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Replica biplanes unveiled to be used to mark 100th anniversary of Vimy battle

A flight museum in Langley, B.C., unveiled a replica of a First World War fighter plane on Friday June 17, 2016, with plans for it to soar over Vimy Ridge on the infamous battle's 100th anniversary.
Image Credit: THE CANADIAN PRESS/Tamsyn Burgmann
June 18, 2016 - 6:00 AM

LANGLEY, B.C. - A flight museum in Langley, B.C., has unveiled a replica of a First World War fighter plane with plans for it to soar over Vimy Ridge on the infamous battle's 100th anniversary.

The Canadian Museum of Flight has been gifted the fully functioning replica 1916 Sopwith Pup biplane as one of two being built for a legacy project.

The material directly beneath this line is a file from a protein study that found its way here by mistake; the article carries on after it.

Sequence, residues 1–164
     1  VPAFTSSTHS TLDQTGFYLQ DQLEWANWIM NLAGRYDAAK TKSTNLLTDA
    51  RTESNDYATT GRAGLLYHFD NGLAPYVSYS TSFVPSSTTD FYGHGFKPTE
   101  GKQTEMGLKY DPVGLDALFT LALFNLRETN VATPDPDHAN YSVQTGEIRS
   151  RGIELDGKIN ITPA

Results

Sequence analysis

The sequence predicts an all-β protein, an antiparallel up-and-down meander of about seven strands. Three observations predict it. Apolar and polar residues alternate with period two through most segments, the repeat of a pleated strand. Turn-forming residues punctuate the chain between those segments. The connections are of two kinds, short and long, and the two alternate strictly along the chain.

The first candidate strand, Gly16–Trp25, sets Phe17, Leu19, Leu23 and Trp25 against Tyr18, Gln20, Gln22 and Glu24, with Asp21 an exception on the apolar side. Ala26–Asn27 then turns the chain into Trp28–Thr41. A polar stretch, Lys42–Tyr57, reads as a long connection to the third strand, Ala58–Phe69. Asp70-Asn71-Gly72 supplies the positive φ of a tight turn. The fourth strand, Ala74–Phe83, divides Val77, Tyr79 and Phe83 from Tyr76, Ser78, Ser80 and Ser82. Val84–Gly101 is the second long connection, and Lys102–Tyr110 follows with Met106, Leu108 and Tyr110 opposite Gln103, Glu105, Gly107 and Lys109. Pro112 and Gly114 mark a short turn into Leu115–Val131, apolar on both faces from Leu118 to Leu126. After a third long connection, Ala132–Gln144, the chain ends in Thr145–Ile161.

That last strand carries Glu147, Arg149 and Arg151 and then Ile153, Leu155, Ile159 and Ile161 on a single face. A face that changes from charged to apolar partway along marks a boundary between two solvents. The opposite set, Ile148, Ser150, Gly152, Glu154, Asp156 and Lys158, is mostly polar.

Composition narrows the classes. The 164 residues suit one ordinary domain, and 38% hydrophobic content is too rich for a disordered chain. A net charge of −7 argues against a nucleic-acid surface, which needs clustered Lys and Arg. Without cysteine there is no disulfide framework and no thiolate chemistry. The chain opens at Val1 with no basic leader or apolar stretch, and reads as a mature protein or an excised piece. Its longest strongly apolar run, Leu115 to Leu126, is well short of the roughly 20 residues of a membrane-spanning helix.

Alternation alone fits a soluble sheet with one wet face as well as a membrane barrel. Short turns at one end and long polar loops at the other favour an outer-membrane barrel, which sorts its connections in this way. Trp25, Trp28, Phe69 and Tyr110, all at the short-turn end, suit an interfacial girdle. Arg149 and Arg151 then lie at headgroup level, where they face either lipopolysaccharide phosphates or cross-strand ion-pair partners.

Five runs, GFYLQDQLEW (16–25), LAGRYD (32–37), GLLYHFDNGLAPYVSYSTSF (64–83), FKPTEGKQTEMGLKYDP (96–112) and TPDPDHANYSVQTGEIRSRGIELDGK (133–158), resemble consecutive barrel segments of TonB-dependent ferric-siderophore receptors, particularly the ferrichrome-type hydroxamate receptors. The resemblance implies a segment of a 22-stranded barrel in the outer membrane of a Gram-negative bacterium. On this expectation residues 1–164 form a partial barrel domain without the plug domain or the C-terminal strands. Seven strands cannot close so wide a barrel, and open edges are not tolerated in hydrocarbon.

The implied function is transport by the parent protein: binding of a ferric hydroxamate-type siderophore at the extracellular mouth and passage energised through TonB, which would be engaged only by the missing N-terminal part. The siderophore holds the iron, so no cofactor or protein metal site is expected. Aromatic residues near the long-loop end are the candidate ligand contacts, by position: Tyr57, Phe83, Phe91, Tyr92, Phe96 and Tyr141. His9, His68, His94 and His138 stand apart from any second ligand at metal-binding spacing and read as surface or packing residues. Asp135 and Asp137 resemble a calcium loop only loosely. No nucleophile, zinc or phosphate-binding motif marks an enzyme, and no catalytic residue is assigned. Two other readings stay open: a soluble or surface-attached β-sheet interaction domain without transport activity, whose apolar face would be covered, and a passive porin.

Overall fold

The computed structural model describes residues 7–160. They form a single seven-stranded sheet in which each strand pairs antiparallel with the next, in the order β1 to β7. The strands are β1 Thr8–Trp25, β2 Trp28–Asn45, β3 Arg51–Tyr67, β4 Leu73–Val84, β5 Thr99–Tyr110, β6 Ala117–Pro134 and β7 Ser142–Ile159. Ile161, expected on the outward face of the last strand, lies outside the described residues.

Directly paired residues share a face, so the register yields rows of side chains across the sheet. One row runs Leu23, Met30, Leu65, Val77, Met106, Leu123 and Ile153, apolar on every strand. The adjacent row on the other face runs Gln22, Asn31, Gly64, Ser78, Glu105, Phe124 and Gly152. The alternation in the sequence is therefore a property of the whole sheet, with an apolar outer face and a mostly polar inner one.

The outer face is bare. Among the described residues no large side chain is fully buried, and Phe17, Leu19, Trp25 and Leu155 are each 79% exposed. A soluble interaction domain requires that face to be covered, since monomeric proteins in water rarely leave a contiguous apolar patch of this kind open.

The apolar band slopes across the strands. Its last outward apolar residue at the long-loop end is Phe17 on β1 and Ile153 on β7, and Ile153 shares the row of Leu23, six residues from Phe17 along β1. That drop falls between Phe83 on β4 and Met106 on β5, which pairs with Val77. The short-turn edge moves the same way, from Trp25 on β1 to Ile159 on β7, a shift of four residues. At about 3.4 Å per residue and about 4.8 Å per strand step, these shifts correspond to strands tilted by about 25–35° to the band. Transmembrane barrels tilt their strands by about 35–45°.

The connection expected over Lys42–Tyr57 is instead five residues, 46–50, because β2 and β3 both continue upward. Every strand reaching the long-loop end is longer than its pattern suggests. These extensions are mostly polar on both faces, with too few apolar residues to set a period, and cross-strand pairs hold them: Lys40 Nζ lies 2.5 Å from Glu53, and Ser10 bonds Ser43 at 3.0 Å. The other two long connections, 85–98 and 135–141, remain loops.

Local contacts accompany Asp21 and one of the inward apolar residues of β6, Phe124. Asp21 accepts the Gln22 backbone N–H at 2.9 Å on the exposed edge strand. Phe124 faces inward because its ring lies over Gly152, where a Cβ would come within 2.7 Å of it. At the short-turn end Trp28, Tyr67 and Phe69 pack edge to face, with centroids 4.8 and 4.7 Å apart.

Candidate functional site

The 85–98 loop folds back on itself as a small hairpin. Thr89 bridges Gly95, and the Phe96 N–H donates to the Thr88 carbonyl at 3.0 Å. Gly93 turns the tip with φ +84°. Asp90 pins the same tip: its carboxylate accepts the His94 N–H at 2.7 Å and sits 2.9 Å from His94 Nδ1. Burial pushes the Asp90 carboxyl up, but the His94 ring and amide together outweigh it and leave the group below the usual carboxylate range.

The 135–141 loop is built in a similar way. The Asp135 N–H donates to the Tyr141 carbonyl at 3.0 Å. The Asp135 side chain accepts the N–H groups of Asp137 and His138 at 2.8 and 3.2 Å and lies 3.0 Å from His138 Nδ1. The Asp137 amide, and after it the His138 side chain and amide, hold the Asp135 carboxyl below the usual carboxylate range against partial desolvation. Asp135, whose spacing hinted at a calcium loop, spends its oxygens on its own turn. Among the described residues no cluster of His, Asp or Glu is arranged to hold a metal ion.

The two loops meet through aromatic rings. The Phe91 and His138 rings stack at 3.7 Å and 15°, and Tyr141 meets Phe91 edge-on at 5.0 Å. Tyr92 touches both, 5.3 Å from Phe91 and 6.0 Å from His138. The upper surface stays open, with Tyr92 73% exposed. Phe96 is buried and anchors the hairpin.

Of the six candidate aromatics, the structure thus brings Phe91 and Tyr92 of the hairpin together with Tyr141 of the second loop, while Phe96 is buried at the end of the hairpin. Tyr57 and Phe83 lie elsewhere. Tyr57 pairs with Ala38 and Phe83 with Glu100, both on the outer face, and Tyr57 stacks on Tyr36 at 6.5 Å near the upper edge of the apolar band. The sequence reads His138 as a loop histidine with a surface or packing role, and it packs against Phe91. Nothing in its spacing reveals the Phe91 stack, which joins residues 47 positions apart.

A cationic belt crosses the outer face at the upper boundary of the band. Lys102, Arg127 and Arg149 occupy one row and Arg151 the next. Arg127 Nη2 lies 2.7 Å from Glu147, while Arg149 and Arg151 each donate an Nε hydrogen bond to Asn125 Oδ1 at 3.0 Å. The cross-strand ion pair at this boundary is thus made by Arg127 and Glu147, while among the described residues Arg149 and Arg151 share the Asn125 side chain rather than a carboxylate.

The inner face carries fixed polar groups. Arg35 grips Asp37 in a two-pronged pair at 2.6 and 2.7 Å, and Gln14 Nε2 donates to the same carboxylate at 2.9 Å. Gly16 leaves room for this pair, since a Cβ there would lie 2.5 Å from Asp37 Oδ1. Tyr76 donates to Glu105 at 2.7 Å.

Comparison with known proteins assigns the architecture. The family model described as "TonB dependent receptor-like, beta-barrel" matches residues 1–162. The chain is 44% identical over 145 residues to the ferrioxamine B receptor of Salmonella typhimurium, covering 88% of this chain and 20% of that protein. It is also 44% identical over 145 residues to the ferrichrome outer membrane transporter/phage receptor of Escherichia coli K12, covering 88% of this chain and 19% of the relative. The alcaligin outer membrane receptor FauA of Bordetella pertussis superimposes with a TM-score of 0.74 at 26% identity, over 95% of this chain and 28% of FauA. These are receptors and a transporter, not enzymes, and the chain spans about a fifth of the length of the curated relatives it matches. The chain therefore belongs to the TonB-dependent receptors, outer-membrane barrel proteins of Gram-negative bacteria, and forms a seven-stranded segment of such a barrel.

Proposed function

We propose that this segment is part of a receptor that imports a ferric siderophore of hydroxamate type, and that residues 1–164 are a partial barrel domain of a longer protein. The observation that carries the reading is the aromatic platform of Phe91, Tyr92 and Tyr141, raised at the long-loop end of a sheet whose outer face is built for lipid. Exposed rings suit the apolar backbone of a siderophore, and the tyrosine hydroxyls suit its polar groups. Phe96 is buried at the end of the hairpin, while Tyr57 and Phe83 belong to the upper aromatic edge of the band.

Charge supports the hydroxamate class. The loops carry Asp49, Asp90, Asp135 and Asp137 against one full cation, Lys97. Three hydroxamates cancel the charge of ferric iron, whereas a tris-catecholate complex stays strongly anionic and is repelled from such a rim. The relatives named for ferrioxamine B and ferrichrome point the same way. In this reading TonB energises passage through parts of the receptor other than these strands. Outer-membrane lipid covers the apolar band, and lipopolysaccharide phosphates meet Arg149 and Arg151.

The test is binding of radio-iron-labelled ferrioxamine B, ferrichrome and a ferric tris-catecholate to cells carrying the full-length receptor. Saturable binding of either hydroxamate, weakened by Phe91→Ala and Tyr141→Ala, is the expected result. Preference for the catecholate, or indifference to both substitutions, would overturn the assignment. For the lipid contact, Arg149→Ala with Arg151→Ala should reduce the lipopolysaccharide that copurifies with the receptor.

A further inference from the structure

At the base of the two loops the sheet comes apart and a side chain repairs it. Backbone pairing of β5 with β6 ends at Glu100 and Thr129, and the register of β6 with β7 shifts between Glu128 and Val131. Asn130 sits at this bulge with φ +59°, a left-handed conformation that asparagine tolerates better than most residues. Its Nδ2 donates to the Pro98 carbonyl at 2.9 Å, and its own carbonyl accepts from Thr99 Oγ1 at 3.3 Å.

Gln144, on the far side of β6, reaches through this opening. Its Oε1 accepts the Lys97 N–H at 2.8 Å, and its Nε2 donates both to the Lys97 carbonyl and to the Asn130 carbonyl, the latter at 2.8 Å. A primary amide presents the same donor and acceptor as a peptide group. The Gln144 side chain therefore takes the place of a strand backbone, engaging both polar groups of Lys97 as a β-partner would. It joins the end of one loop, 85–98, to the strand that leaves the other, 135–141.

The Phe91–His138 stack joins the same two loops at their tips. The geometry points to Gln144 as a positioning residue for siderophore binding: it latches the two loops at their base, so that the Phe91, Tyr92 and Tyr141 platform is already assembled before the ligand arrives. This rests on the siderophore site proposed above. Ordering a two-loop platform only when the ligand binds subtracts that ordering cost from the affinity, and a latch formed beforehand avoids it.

Next April, a squadron of former Canadian military pilots is planning to use the biplanes in a flyover of the Vimy Memorial in France to commemorate Canada's heroism and loss in a battle that saw more than 10,000 Canadians killed or wounded.

About 20 adults and six teenaged Royal Canadian Air Cadets helped build the Pup, while learning what it took to make biplanes a century ago.

Tim Joyce, president of Sound Venture Productions, says building historical biplanes from scratch was an unprecedented undertaking with tight deadlines.

The project has been under construction since last summer as part of an initiative known as Wings of Courage and was funded in part by the federal Department of Canadian Heritage.

News from © The Canadian Press, 2016
The Canadian Press

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